Sweetcorn in the Clean Fifteen


Although sweetcorn may take a good deal of fertilizer to grow, pesticide residue on the kernels is low. Yellow corn contains antioxidant carotenoids and is a source of both soluble and insoluble  fibre. The soluble fibre in corn may support the growth of friendly bacteria in our large intestine and may also be metabolised by intestinal bacteria into short chain fatty acids (SCFAs). This process not only helps support healthy populations of friendly bacteria in our large intestine, but may also provide a direct supply of energy, in the form of SCFAs, to the cells that line our large intestine. With the benefit of this extra SCFA energy supply, our intestinal cells may stay healthier and function at a lower risk of becoming cancerous

Sweetcorn is a versatile vegetable and with summer approaching shops will be selling them on the cob. If you are in the country look out for farms and farm shops selling their fresh cobs at a good price, and these can be frozen. Use raw or lightly cooked kernels in salads, rice and pasta dishes or add to stir-fries. Here is a side-salad recipe I often use, and it is fine for most people following my dietary recommendations. This is particularly helpful if you have run out of the more usual salad vegetables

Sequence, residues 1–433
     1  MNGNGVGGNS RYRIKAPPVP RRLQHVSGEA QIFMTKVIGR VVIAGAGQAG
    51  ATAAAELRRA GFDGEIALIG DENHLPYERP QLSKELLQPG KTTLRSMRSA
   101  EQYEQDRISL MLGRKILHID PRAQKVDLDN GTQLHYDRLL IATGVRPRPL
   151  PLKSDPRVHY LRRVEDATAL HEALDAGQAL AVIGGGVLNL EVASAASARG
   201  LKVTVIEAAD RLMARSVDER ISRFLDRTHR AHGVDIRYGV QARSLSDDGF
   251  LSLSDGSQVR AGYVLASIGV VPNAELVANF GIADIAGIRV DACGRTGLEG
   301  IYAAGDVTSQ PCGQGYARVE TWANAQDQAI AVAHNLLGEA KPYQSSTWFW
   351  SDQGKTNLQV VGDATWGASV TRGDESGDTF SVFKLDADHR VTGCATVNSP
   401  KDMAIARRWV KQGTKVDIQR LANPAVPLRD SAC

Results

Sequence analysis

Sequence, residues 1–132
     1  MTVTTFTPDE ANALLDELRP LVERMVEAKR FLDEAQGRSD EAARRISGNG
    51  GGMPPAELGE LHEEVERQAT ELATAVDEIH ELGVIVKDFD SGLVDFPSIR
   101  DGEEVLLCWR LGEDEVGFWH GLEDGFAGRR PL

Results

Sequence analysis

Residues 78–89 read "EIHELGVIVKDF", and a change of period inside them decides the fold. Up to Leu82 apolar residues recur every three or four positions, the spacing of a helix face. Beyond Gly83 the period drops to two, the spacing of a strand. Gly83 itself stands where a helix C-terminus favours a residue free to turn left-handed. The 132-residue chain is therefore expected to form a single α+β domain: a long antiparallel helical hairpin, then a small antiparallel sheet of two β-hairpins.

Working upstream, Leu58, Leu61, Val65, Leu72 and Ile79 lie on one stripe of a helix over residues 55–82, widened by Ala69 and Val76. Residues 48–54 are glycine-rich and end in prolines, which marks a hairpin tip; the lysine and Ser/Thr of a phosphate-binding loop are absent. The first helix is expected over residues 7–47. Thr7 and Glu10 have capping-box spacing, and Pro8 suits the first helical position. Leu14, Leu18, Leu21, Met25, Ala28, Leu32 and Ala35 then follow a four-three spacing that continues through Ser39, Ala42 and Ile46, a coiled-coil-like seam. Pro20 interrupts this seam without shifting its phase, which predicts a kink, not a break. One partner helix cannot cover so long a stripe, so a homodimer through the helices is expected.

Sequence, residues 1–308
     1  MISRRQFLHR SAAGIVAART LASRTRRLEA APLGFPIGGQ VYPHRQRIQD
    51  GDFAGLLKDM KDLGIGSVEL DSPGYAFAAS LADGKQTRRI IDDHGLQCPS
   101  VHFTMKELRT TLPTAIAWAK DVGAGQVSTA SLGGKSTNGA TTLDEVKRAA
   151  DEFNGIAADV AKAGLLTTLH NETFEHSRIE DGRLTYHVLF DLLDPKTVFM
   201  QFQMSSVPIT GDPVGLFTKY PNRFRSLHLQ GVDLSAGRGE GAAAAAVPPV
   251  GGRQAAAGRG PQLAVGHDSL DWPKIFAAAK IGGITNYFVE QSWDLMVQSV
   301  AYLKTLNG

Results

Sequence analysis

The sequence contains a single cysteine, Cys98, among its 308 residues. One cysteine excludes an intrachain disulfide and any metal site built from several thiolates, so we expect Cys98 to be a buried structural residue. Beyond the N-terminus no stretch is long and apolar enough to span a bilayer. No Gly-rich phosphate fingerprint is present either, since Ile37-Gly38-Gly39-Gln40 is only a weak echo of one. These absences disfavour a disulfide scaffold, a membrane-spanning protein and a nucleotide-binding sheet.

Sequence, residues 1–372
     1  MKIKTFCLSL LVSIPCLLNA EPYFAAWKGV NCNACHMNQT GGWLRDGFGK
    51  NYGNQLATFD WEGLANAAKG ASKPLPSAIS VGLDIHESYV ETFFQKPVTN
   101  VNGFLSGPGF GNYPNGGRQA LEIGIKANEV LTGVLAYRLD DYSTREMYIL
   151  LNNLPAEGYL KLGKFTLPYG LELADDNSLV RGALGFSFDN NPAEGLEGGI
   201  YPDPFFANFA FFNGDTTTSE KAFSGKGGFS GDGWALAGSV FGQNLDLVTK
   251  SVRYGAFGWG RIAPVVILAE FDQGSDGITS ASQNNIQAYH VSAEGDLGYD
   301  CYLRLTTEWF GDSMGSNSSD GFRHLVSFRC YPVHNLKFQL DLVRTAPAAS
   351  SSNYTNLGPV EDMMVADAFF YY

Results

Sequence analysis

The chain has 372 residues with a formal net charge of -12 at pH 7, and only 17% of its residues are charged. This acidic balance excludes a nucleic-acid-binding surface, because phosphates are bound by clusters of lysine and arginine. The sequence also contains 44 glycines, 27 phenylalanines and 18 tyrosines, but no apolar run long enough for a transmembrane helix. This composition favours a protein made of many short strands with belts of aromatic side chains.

Mixed Vegetable Salad                                                                                               Combine 1 cup of defrosted frozen sweetcorn, with 1 cup of defrosted frozen peas, 1 cup of cooked chickpeas, 1 avocado diced, 1/2 red onion finely chopped and 1/2 red pepper diced. If you like olives, add 1/2 cup of chopped olives. Add a handful of chopped coriander leaves or chopped parsley. Add a squeeze of lemon juice and a drizzle of Extra Virgin olive oil and a little black pepper. Stir together and serve.